Course: Introduction / Criminal Law
A mistake defense criminal defense that involves a mistake as to the facts and circumstances surrounding an event can sometimes be a defense to criminal charges; a mistake of law is never an excuse.
In criminal law, a mistake defense is a defense raised by a defendant who claims that he or she made an honest misunderstanding as to a material fact or circumstance surrounding an event. The idea behind the defense is that the defendant did not have the necessary mens rea or criminal intent to commit the crime.
The defense is often raised in cases where a defendant has been charged with a crime that requires a specific intent or knowledge of a particular fact. For example, if a person is charged with embezzlement, which requires the specific intent to steal, the defense may be raised if the defendant can show that he or she honestly believed that the money taken was rightfully theirs.
There are two types of related defenses: mistake of fact and mistake of law. A defense based on an error of fact involves a mistake as to the factual circumstances surrounding the event. In contrast, a mistake of law defense involves a mistake as to the legal consequences of an action.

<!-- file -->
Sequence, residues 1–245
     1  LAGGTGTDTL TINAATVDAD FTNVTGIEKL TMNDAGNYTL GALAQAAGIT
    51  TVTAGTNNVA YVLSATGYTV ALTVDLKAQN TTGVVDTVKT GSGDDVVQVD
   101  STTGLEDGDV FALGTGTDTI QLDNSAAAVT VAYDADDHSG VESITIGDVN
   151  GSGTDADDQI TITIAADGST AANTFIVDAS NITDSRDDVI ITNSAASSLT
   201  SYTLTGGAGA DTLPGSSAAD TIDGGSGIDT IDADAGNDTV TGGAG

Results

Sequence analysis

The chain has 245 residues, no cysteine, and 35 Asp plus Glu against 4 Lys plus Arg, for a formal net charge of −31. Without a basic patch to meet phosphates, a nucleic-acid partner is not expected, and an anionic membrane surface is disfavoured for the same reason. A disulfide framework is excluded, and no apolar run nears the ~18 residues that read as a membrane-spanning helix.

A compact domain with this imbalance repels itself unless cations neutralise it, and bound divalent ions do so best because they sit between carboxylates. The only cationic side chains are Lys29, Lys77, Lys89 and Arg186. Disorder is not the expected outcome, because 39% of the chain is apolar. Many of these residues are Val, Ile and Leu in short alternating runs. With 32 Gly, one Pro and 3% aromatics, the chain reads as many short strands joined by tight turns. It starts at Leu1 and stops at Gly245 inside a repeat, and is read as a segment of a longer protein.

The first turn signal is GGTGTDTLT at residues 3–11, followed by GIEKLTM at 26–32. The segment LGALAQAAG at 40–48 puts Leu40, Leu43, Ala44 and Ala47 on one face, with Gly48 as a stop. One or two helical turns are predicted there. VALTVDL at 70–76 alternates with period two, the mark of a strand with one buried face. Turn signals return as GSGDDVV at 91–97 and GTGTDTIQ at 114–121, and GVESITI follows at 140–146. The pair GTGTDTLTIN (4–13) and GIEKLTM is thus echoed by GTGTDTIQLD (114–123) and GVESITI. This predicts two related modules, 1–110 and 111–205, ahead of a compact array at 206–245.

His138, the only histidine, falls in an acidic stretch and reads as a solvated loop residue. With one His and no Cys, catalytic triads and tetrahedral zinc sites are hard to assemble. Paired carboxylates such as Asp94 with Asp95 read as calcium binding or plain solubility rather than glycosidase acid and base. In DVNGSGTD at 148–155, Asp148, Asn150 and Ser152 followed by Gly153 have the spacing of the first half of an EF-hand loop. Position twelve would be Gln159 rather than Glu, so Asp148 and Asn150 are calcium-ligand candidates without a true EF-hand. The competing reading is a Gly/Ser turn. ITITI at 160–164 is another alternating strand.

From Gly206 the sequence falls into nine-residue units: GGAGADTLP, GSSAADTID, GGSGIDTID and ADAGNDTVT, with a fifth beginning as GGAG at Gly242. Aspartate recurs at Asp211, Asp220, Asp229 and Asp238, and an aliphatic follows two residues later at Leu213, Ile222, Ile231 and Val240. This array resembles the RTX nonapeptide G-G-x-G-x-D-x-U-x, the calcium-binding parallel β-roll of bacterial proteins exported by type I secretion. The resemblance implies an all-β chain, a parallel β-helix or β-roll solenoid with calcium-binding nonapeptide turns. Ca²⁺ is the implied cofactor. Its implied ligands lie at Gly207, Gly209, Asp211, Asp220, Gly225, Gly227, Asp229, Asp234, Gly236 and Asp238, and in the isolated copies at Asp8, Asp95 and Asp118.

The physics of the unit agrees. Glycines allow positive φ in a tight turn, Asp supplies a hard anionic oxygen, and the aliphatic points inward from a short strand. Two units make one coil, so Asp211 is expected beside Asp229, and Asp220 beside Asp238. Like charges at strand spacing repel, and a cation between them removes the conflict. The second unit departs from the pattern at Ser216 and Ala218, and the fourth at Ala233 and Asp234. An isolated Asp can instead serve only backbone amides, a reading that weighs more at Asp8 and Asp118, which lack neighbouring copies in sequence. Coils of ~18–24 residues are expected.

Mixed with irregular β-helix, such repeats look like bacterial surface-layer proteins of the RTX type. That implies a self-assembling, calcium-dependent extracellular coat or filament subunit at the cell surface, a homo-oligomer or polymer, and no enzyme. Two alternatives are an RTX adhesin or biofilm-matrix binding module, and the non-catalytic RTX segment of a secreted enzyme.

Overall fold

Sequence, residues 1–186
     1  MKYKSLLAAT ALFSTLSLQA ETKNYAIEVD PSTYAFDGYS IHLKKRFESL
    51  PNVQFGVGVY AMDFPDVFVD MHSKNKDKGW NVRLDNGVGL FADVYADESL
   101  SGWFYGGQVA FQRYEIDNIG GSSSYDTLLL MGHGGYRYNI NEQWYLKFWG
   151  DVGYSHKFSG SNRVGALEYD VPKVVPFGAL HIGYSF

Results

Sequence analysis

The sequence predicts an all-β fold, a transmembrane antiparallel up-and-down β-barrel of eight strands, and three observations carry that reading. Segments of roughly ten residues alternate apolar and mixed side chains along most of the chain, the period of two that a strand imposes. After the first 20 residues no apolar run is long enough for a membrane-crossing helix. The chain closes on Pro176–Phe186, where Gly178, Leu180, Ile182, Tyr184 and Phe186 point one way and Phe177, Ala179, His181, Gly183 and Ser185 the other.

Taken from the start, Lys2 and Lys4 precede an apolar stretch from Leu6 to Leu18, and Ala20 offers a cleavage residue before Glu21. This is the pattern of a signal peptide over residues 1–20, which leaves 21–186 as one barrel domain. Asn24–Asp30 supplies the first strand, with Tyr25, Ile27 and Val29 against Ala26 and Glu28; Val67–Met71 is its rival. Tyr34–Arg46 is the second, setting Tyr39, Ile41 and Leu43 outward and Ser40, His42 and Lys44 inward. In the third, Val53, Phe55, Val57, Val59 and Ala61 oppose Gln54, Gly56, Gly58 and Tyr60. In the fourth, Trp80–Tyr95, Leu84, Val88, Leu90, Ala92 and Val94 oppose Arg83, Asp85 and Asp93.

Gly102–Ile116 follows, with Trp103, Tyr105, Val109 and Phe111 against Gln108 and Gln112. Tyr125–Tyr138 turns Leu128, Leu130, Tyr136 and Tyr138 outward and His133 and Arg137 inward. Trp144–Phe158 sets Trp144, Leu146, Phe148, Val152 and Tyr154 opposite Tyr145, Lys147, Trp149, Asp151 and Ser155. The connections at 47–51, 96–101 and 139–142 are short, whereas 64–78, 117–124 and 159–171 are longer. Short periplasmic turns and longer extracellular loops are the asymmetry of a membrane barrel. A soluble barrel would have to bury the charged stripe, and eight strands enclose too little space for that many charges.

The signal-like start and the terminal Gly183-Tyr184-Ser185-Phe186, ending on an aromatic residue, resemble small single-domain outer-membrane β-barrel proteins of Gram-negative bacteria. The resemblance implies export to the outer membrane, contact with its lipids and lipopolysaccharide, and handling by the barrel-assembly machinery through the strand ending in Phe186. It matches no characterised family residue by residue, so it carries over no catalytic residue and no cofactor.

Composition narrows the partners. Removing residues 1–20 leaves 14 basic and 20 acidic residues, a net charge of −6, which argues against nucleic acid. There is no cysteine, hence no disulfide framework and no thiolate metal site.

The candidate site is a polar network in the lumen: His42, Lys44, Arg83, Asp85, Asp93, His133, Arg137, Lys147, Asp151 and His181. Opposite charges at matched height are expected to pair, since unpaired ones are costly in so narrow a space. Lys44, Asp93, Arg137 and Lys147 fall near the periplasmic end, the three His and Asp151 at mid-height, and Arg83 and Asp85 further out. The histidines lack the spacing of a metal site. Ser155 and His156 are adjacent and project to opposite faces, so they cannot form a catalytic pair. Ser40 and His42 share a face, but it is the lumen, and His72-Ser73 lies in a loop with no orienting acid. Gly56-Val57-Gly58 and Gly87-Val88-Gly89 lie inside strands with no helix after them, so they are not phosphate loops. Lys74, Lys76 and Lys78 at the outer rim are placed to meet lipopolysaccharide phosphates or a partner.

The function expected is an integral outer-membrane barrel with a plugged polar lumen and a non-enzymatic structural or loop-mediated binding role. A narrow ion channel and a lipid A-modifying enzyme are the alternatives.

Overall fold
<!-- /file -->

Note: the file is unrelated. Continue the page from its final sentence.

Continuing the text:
Under the Model Penal Code, an error of fact can be a defense to a criminal charge if it negates the mens rea required for the offense. For example, if a person is charged with statutory rape and he honestly believed that the victim was of legal age, this misunderstanding of fact could negate the mens rea required for the offense (in rare jurisdictions that don’t disallow the defense by statute).
However, a mistake of law is generally not a defense to a criminal charge. The reasoning behind this is that ignorance of the law is not an excuse. In other words, individuals are expected to know the law, and they cannot claim that they did not know a certain action was illegal.
To raise such a defense successfully, the defendant must be able to show that the error was an honest one and that it was reasonable under the circumstances. If the misunderstanding is found to be reckless or grossly negligent, then it may not be a valid defense.
In addition, some states require that the mistake be a reasonable one, meaning that the mistake must have been one that a reasonable person would have made under similar circumstances.
It is important to note that a mistake defense can be a difficult defense to raise successfully. The prosecution may argue that the defendant did not make an honest mistake or that the mistake was not reasonable under the circumstances.
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Last Modified: 04/10/2023